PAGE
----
Effects on sex hormone and clinical manifestations
       Menstrual frequency584/87NS360.15 (–0.24 to 0.54)NS
       TT7153/155<0.00001880.64 (–0.08 to 1.35)NS
       SHBG473/73NS0–0.01 (–0.34 to 0.31)NS
       DHEA-S584/87NS0–0.07 (–0.37 to 0.23)NS
       FAI473/73NS30.11 (–0.22 to 0.44)NS
       F-G scores245/46NS00.11 (–0.30 to 0.52)NS
       AND339/41NS00.08 (–0.36 to 0.52)NS
       LH4114/1140.002800.02 (–0.58 to 0.63)NS
      Effects on glucose metabolism
       FBG4114/113<0.0000192–0.90 (–1.92 to 0.12)NS
       FINS382/83NS0–0.14 (–0.45 to 0.16)NS
       HOMA-IR scores6142/141NS48–0.40 (–0.74 to –0.06)0.02
      Effects on other metabolic indexes
       BMI8163/167<0.0000191–1.02 (–1.85 to –0.19)0.02
       AG694/99NS53–0.45 (–0.89 to –0.00)0.05
       TC5107/112<0.00001890.40 (–0.47 to 1.27)NS
       TG4
      Data from Jensterle and colleagues (Jensterle et al., 2014) could not be included as they were reported as median and interquartile range. T, treatment group; C, control group; AG, abdominal girth; AND, androstenedione; BMI, body mass index; DBP, diastolic blood pressure; DHEA-S, dehydroepiandrosterone sulphate; F-G scores, Ferriman–Gallwey scores; FAI, free androgen index; FBG, fasting blood glucose; FINS, fasting insulin; HDL-C, high-density lipoprotein cholesterol; HOMA-IR, homeostasis model assessment of insulin resistance; LDL-C, low-density lipoprotein cholesterol; SHBG, sex hormone-binding globulin; SBP, systemic blood pressure; TG, triglyceride; TC, total cholesterol; TT, serum total testosterone; NS, not statistically significant.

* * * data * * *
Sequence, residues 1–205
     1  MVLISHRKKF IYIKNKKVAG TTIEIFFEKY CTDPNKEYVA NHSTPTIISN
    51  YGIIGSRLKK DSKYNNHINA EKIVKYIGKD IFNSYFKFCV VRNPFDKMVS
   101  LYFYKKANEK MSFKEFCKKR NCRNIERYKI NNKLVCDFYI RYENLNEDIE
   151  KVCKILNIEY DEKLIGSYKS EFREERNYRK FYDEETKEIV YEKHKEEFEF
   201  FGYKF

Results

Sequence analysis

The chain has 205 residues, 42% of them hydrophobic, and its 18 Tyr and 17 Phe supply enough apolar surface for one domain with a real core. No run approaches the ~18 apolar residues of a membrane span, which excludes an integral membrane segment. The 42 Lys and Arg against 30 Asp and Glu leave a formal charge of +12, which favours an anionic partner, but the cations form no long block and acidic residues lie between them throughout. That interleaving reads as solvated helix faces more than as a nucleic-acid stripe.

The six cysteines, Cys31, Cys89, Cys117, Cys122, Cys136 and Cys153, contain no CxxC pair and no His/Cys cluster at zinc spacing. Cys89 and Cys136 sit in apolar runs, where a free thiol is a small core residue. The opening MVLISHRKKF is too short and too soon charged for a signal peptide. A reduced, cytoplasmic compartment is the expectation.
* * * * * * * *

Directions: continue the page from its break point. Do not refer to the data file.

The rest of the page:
96/98NS0–0.12 (–0.41 to 0.16)NS
       HDL-C5107/112NS0–0.22 (–0.49 to 0.05)NS
       LDL-C5107/1120.00178–0.35 (–0.96 to 0.25)NS
       SBP362/66NS0–0.20 (–0.55 to 0.15)NS
       DBP225/28NS0–0.11 (–0.65 to 0.44)NS
      a Cases lost to follow-up were excluded.
      b Data from Jensterle and colleagues (
      • Jensterle S.M.
      • Kocjan T.
      • Pfeifer M.
      • Kravos N.A.
      • Janez A.
      Short-term combined treatment with liraglutide and metformin leads to significant weight loss in obese women with polycystic ovary syndrome and previous poor response to metformin.
      ) could not be included as they were reported as median and interquartile range.
      T, treatment group; C, control group; AG, abdominal girth; AND, androstenedione; BMI, body mass index; DBP, diastolic blood pressure; DHEA-S, dehydroepiandrosterone sulphate; F-G scores, Ferriman–Gallwey scores; FAI, free androgen index; FBG, fasting blood glucose; FINS, fasting insulin; HDL-C, high-density lipoprotein cholesterol; HOMA-IR, homeostasis model assessment of insulin resistance; LDL-C, low-density lipoprotein cholesterol; SHBG, sex hormone-binding globulin; SBP, systemic blood pressure; TG, triglyceride; TC, total cholesterol; TT, serum total testosterone; NS, not statistically significant.
      Figure 2
      Figure 2Forest plot: comparison of menstrual frequency (A), serum total testosterone (B), free androgen index (C) and homeostasis model assessment of insulin resistance (D) comparing a glucagon-like peptide 1 (GLP-1) receptor agonist and metformin (MET). df, degrees of freedom; IV, Inverse variance methods.
      For serum total testosterone, a total of seven RCTs (
      • Elkind-Hirsch K.
      • Marrioneaux O.
      • Bhushan M.
      • Vernor D.
      • Bhushan R.
      Comparison of single and combined treatment with exenatide and metformin on menstrual cyclicity in overweight women with polycystic ovary syndrome.